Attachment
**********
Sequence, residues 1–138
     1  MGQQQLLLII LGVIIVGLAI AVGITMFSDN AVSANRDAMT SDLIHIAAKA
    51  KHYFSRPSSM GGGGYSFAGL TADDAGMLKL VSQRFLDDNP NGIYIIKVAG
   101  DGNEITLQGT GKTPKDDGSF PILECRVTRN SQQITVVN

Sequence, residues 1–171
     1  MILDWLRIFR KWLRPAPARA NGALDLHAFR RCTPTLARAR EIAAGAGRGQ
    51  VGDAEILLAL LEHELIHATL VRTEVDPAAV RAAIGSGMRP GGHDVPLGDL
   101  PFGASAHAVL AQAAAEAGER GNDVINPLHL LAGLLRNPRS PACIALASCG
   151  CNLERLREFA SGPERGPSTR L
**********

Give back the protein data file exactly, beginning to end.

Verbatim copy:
Sequence, residues 1–138
     1  MGQQQLLLII LGVIIVGLAI AVGITMFSDN AVSANRDAMT SDLIHIAAKA
    51  KHYFSRPSSM GGGGYSFAGL TADDAGMLKL VSQRFLDDNP NGIYIIKVAG
   101  DGNEITLQGT GKTPKDDGSF PILECRVTRN SQQITVVN

Sequence, residues 1–171
     1  MILDWLRIFR KWLRPAPARA NGALDLHAFR RCTPTLARAR EIAAGAGRGQ
    51  VGDAEILLAL LEHELIHATL VRTEVDPAAV RAAIGSGMRP GGHDVPLGDL
   101  PFGASAHAVL AQAAAEAGER GNDVINPLHL LAGLLRNPRS PACIALASCG
   151  CNLERLREFA SGPERGPSTR L